When I originally wrote about this photo, I made a lot of assumptions about the men pictured, based on the tropical beach background and the way one of the men reminded me of the fictional character Gomer Pyle, a Marine.
Johnny Alexander of the blog A Prayer Like Gravity left a comment that is a more factual description of the role these men might have played in the US forces. He was able to pick up details in the photo that I had not been able to decipher, and so ignored. Johnny wrote –
I believe that these gents were members of the US Army Air Corps, judging by the uniforms (not to spoil your imagined back-story of course). My dad was in the Army Air Corps in WWII.
This is him, as a cadet:
Johnny’s very handsome dad.
Interesting thing here is that the image of these two fly-boys is reversed as you can see in the “U.S.” emblem on the collar.
The other collar insignia is the winged propeller of the Air Corps. They were either still cadets or enlisted men, as officers would have their rank insignia on the collar instead of the “U.S.”. They show that winged prop insignia on their hats which is the real clincher I think for them being cadets.
This could possibly put them in Florida, as there were a number of training bases there during the war, including Boca Raton, where my dad was for a time.
Either way, this is probably pre-1947, as that is when the Air Force was formed from the US Army Air Corps.
I could be wrong on a few of the details here, but I’ll let you know if I come across anything else.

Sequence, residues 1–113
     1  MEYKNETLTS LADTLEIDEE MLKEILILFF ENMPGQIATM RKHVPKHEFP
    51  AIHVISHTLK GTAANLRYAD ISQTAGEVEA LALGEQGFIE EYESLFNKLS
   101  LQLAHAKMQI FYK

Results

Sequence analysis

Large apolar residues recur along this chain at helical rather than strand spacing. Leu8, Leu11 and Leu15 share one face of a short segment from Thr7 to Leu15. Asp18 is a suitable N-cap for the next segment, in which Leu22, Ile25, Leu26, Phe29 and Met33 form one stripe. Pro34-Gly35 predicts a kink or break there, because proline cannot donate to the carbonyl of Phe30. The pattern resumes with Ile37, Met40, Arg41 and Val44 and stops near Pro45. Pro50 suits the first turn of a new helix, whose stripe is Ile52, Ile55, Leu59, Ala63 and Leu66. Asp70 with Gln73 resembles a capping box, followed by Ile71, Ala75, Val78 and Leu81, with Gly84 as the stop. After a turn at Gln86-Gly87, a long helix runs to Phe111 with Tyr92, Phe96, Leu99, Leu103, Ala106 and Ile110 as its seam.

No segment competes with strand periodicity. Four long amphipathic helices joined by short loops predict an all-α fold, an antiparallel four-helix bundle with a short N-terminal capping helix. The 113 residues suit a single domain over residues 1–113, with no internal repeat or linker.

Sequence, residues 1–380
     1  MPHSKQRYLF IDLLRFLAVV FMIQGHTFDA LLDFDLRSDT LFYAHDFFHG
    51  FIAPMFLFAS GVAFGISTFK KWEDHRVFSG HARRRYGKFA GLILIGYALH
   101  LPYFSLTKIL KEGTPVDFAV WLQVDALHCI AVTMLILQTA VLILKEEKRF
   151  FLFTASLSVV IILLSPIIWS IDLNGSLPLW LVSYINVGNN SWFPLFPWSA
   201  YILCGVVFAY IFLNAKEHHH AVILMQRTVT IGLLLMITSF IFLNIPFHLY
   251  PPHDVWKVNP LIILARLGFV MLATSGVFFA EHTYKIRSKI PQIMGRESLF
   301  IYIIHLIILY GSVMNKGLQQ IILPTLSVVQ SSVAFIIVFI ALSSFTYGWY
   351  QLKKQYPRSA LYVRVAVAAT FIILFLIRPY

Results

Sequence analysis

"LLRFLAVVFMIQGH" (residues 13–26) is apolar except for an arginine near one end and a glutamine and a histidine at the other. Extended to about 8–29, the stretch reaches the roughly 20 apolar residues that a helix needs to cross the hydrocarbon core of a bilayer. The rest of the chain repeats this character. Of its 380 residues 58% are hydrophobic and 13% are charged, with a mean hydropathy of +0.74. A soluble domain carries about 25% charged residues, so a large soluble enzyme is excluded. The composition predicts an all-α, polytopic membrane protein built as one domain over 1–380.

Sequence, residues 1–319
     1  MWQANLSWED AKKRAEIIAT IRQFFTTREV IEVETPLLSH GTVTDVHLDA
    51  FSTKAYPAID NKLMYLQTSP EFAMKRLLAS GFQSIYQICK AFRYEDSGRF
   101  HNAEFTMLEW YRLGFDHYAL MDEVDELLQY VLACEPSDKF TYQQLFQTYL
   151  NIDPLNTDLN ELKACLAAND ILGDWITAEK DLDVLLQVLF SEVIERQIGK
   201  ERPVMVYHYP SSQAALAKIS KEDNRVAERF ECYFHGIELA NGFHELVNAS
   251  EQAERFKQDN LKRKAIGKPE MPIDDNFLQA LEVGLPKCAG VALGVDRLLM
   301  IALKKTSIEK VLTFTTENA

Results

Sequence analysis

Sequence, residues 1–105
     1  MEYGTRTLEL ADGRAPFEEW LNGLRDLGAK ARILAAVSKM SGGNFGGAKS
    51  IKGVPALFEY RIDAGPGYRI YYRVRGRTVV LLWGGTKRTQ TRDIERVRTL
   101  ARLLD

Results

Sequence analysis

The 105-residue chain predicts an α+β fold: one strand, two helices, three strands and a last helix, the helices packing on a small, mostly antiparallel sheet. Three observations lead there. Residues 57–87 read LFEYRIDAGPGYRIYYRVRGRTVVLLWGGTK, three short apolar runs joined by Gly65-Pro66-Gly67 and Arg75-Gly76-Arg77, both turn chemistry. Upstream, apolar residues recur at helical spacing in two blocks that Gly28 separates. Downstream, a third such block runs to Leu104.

Many thanks to Johnny for taking the time to write this informative comment and especially for sharing his father’s photo. Please visit Johnny’s blog here.
From a French Seller
With that grimace and those watery eyes, this boy seems to still be suffering the agonies he experienced in the tattooist’s chair. What a face! I imagine this was his attempt at trying to look like a tough guy. I think he needs more time to perfect his mannerisms for that role, don’t you?
His tattoo is a panther, I think. Or some other type of big cat. Given the heights of tattoo art these days, this is a rather underwhelming effort. I wonder if he added to it or even had work done over it?
This lovely strip of four photobooth photos was taken in the USA, probably around the mid to late 1950s. This strip was a gift from my blogging friend Ted. (Thanks Ted!!) For the past twelve months there have been a lot of photos, which appear to come from this same booth, for sale on Ebay.
Not only is this child photogenic but she is at ease in front of the camera. She has chosen her poses well, including a different one for each image. Or has she chosen them?
When photobooths were first introduced to the world, they were installed in photographic studios that offered a variety of add-on services. These included hand-colouring, enlargements, duplications and framing. The booths were operated by a controller who would guide the sitter through a series of predetermined poses.
By the time these photos were taken, photobooths were mostly automatic, coin operated and situated in department stores, bus and train stations or other places with a good flow of foot traffic. In the photos for sale, which I mentioned above, poses like the ones in this strip are replicated over and over again. They are rarely in a complete series like these, (Thanks again Ted!!) but the frequency of the same poses and their formal style suggests that this booth was still being controlled by an operator in the 1950s.
So where would those operator controlled booths have been? They would have been owner operated and peripatetic. Like the photobooth owned by my photobooth clown, Yo Yo, they would have been at circuses or fairs. They might also have been at special social events such as school proms, adult dances or even fundraisers. So, with her casual shirt and relaxed demeanour I would be very happy to guess that this young lady had her photobooth experience on a day out at a travelling carnival or fun fair.
I have some other photos that might have come from the same or a similar type of booth. I will share them with you soon and you will see further evidence of my theories in the poses and costumes of the sitters.